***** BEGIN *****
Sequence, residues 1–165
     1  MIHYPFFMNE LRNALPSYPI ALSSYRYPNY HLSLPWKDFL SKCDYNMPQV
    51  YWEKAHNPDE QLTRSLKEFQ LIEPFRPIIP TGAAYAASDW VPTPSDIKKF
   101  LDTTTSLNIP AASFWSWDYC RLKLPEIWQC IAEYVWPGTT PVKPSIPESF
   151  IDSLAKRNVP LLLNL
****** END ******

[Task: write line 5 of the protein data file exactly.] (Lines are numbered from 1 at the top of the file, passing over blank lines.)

   151  IDSLAKRNVP LLLNL